Department:School of Humanities and Social Sciences
Areas of Expertise: Literature
Sarah has published widely on the reception of Ovid’s Metamorphoses in English literature, and on allusion and influence more generally, particularly with reference to Shakespeare.
Sarah joined our Department in 2006. Her principal teaching areas are Shakespeare, Renaissance literature and tragedy. She has previously taught at the universities of Bristol, Central England, St Andrews, De Montfort and Lucy Cavendish College, Cambridge.
Her publications include The Metamorphosis of Ovid: Chaucer to Ted Hughes (1999), Devoted Sisters: Representations of the Sister Relationship in Nineteenth Century British and American literature (2003), Ovid: Myth and Metamorphosis (2005), a volume of essays co-edited with Catherine Silverstone, Tragedy in Transition (2007) and A Familiar Compound Ghost: Allusion and the Uncanny (2012).
Brown, S.A., 2017. Shakespeare and Myth. In The Routledge Research Companion to Shakespeare and the Classics, eds Sean Keilen and Nick Moschovakis. London: Routledge.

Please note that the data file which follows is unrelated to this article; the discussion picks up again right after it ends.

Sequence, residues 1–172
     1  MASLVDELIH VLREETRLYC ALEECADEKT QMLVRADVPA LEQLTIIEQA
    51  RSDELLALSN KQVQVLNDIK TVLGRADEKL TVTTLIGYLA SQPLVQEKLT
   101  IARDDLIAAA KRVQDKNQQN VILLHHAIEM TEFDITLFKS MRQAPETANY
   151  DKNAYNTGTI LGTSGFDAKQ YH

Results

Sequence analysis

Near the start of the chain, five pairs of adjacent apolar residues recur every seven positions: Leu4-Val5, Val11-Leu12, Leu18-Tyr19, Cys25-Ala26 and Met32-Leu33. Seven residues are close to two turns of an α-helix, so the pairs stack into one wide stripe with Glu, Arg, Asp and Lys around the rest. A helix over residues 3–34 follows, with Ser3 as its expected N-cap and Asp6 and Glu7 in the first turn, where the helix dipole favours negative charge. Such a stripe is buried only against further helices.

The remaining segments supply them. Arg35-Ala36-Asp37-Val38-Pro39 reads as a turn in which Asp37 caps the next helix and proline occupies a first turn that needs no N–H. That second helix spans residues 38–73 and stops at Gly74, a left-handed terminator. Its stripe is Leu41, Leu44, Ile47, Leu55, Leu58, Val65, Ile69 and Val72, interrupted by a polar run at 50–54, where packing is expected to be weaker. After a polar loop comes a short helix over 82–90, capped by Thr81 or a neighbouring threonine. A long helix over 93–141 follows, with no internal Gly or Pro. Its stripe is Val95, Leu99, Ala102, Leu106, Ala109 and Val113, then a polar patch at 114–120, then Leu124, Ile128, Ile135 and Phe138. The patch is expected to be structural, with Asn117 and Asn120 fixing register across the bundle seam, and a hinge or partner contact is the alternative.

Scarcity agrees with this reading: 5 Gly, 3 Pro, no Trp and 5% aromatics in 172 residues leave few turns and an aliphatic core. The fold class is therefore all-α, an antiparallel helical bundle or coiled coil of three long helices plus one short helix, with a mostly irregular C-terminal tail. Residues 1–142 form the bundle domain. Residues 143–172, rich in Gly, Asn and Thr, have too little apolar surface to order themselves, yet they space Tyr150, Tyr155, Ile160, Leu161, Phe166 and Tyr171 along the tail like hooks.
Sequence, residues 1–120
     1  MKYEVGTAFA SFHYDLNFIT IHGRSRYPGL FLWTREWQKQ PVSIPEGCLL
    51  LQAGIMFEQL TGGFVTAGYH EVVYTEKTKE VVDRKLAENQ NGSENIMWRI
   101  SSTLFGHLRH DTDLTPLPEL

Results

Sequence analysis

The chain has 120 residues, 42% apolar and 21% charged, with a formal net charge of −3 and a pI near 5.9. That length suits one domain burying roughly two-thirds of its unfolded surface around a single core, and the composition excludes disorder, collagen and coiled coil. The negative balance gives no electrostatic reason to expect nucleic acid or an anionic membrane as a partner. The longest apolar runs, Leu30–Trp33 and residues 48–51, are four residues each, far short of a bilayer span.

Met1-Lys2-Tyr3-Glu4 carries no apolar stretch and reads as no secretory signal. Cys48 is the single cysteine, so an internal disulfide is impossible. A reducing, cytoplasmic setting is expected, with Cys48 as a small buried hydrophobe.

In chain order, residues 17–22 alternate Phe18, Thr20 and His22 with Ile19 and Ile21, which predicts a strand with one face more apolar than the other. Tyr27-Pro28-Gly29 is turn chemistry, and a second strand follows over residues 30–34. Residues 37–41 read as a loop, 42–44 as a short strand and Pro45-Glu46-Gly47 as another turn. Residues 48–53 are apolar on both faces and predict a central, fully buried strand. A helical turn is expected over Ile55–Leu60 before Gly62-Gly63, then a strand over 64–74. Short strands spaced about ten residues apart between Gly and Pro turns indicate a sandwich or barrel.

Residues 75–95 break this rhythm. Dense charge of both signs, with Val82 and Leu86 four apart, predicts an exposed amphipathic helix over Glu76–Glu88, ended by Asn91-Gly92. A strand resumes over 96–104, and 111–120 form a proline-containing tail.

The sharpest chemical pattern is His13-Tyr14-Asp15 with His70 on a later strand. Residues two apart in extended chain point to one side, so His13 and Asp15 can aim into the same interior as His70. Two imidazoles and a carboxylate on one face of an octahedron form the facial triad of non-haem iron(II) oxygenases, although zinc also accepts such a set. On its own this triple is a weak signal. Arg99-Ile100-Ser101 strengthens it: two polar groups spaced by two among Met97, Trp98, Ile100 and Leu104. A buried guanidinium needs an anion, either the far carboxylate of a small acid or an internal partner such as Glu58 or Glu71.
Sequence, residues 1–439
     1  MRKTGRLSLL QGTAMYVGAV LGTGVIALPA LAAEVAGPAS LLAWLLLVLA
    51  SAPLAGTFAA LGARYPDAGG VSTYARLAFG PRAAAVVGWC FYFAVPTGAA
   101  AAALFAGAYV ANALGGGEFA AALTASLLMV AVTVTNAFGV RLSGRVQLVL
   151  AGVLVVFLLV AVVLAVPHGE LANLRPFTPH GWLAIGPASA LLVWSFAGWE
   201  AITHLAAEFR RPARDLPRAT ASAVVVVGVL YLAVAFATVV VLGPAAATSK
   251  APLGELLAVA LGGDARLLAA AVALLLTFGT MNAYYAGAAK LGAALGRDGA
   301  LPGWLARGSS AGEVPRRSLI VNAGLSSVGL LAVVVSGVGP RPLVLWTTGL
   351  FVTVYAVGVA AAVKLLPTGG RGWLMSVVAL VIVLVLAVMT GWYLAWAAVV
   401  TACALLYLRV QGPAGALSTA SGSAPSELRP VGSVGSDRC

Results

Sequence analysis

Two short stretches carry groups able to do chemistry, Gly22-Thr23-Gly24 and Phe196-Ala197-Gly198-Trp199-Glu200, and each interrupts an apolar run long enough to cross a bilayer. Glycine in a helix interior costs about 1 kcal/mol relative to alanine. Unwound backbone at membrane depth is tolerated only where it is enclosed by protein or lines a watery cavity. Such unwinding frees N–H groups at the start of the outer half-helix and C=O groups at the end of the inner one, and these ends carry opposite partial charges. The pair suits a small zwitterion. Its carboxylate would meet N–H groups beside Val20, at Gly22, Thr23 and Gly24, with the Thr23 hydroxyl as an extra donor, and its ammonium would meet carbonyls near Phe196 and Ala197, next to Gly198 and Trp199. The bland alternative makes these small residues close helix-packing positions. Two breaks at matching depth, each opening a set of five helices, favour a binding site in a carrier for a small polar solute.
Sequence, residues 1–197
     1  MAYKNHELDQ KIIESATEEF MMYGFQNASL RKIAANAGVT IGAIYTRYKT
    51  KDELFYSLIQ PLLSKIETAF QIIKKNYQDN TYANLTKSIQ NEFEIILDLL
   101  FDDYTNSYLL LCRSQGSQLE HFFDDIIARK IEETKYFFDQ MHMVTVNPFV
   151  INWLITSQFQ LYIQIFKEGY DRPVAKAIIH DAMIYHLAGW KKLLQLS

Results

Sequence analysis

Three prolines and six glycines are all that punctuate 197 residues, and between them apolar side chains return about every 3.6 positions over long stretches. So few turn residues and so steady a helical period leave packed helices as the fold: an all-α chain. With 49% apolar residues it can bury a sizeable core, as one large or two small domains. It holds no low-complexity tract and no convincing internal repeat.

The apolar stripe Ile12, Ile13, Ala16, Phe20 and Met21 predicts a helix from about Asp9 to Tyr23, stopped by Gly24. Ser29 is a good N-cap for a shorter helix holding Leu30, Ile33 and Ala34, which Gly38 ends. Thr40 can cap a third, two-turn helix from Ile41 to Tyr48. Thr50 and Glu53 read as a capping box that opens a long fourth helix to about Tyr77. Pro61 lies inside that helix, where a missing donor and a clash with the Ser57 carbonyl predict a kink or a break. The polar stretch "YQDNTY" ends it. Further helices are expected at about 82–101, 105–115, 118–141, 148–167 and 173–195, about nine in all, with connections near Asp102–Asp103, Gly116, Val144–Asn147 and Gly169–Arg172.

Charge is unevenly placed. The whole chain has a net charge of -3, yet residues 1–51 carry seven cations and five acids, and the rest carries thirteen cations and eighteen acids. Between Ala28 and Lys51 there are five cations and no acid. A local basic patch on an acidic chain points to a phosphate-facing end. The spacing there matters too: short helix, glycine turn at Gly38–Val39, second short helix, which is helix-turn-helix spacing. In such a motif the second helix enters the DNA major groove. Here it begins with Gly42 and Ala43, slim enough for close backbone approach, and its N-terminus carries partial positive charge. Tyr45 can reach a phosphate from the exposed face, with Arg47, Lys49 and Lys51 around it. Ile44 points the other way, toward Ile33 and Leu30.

Brown, S.A. The Classical Pantheon and Modernity in Modern Fantasy. In Classical Traditions in Modern Fantasy, eds Brett M. Rogers, Benjamin Stevens. Oxford: Oxford University Press.
Brown, S.A., 2015. Shakespeare and Thomas Underdowne's Theseus and Ariadne. Review of English Studies, 66.
Brown, S.A., 2014. Allusion in Averill Curdy’s Song & Error. Studies in the Literary Imagination.
Brown, S.A. and Taylor, A., 2013. Ovid in English (1) Metamorphoses. London: MHRA.
Brown, S.A., 2012. Science fiction and classical reception in contemporary women's writing. Classical Receptions Journal, 14 (2).
Brown, S.A., 2012. A Familiar Compound Ghost: Allusion and the Uncanny. Manchester: Manchester University Press.